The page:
• Avoiding contact sports, like football, for at least four weeks and then wearing protective sport goggles for a month after that
  • Wearing safety goggles when engaging in risky activities, such as working with power tools

Coping With Recovery

Generally speaking, patients are happy and satisfied after LASIK surgery. In fact, the vast majority achieve at least 20/40 visual acuity (without glasses or contact lenses). More than 90% achieve 20/20 uncorrected visual acuity.

However, during the six-month recovery period, some patients report and are potentially bothered by new optical symptoms (double images, glare, halos, and/or starbursts) or dry eyes.

If this applies to you, please talk with your eye doctor. They may be able to provide you with the reassurance you need (that the symptom will resolve over time) and/or offer a treatment to alleviate the symptom.

Of note, some people may want to wear eyeglasses or contact lenses after LASIK surgery because of temporary blurry vision or because they have a mild, residual refractive error after surgery.

While eyeglasses are fine to wear, your healthcare provider will advise you to wait two to three months before wearing contact lenses to allow adequate time for eye healing.

If contact lenses are needed, your eye doctor will recommend gas permeable lenses, instead of soft ones. Gas permeable contact lenses are rigid and, therefore, maintain their shape on the front surface of the eye (which is now altered from surgery).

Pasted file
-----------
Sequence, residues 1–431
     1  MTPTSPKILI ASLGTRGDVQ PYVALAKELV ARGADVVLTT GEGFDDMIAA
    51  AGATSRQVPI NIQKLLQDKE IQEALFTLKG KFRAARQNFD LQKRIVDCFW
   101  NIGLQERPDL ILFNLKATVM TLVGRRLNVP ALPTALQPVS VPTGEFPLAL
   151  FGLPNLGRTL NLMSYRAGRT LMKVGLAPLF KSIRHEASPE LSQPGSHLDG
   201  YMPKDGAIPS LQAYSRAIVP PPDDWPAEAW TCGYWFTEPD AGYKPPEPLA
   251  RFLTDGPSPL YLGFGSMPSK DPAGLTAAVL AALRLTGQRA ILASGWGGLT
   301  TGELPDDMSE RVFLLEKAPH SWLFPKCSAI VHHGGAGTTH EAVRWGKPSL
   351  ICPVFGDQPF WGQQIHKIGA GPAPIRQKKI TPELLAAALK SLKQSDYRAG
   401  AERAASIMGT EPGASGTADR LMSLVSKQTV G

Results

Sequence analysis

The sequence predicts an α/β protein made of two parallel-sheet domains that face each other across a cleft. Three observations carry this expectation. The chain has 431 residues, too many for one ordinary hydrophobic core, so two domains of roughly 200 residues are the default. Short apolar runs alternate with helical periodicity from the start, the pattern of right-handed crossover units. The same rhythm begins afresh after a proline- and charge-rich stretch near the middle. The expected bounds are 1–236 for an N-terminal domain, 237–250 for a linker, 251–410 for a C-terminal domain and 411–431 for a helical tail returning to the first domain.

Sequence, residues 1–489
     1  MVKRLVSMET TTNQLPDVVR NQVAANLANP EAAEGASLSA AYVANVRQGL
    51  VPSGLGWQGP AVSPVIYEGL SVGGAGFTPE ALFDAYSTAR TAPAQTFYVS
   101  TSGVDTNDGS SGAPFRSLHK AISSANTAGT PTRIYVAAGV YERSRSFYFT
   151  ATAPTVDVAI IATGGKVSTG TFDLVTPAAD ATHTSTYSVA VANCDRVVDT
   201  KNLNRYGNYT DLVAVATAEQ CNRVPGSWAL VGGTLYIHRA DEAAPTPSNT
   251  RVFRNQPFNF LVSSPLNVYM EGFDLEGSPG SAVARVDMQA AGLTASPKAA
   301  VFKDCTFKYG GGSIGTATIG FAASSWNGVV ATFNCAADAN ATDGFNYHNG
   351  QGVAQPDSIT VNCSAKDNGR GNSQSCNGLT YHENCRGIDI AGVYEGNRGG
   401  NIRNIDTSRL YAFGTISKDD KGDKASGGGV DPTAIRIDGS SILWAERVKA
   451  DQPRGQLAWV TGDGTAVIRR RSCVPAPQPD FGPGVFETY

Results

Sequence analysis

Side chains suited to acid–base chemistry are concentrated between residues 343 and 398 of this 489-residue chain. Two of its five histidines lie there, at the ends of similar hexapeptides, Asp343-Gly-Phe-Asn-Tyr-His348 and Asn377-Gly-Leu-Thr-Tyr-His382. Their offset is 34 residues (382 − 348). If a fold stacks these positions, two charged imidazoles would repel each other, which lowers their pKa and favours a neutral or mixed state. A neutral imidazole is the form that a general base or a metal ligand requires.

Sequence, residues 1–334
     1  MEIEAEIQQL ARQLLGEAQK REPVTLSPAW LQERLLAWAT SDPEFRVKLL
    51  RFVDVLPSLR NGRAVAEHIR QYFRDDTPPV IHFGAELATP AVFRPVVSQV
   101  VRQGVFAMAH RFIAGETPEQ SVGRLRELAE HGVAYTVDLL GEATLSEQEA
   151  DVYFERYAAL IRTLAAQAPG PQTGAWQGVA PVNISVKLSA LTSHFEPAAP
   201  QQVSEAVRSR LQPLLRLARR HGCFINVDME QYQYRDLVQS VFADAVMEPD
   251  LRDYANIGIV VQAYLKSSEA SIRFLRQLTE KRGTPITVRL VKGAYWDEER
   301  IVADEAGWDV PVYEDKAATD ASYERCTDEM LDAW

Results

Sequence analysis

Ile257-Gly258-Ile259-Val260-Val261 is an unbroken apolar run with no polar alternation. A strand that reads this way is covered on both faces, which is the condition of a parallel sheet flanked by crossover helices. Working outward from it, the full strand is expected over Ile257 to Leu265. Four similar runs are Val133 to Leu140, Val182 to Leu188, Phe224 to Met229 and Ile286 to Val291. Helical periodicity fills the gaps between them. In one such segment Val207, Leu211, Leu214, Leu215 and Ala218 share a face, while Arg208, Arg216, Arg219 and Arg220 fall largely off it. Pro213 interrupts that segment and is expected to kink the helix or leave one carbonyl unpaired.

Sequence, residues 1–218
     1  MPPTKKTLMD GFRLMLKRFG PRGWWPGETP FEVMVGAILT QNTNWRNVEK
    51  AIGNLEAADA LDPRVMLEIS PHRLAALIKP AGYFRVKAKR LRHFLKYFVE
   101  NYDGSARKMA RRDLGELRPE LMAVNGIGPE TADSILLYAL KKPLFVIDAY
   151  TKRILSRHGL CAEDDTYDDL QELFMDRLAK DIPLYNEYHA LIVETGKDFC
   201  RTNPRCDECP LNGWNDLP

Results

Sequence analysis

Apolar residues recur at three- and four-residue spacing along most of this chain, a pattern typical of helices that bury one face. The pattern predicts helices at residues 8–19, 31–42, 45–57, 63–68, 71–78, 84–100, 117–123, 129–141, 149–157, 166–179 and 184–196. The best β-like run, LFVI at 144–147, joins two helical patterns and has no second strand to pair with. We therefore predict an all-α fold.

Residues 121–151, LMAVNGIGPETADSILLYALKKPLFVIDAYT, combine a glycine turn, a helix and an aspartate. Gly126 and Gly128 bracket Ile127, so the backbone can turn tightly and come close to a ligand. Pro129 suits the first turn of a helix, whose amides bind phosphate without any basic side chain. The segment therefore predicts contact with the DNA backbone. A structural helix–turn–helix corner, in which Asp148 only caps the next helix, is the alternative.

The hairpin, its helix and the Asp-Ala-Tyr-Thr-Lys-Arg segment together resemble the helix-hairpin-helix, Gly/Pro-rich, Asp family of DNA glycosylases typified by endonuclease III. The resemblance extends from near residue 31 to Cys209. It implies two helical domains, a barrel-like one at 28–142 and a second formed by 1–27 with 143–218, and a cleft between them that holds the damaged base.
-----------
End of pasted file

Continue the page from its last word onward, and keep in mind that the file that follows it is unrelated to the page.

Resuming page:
A Word From Verywell

LASIK surgery often proves to be a life-changing experience. Most people notice a vision improvement right away and feel near normal the day of or shortly after the procedure.

This surgery, however, is not a guarantee for perfect vision. Your eyes will still change as you grow older—to the point that several years after your surgery, you may need to wear glasses or contact lenses again. With that in mind, it's important to continue seeing your eye doctor for regular check-ups.

Frequently Asked Questions

  • How long does it take to heal after LASIK surgery?

    Most people begin to see better immediately after surgery, but complete healing of the eye can take three to six months as vision gradually continues to improve.

  • Does LASIK surgery wear off?

    No. The corrections made to the eye are permeant, so LASIK surgery doesn't wear off. However, your eye can continue to change, which may lead you to have the same problem down the road.

9 Sources
Verywell Health uses only high-quality sources, including peer-reviewed studies, to support the facts within our articles. Read our editorial process to learn more about how we fact-check and keep our content accurate, reliable, and trustworthy.
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  2. American Refractive Surgical Council. Everything you need to know about Lasik eye surgery June 2017.

  3. American Refractory Surgery Council. Beyond seeing clearly: What to expect with LASIK recovery. May 2016.

  4. Wilkinson JM, Cozine EW, Kahn AR. Refractive eye surgery: Helping patients make informed decisions about LASIK. Am Fam Physician. 2017 May 15;95(10):637-44.

  5. U.S. Food & Drug Administration. What should I expect before, during, and after surgery? July 2018.

  6. Boyd K. LASIK — laser eye surgery. American Academy of Ophthalmology. December 2019.

  7. Eydelman M, Hilmantel G, Tarver ME, et al. Symptoms and satisfaction of patients in the Patient-Reported Outcomes With Laser In Situ Keratomileusis (PROWL) Studies. JAMA Ophthalmol. 2017;135(1):13–22. doi:10.1001/jamaophthalmol.2016.4587

  8. Thompson V. (March 2018). All About Vision. Can I Wear Contact Lenses After LASIK?

  9. Refractive Surgery Council. What to Expect with LASIK Recovery

By Troy Bedinghaus, OD
Troy L. Bedinghaus, OD, board-certified optometric physician, owns Lakewood Family Eye Care in Florida. He is an active member of the American Optometric Association.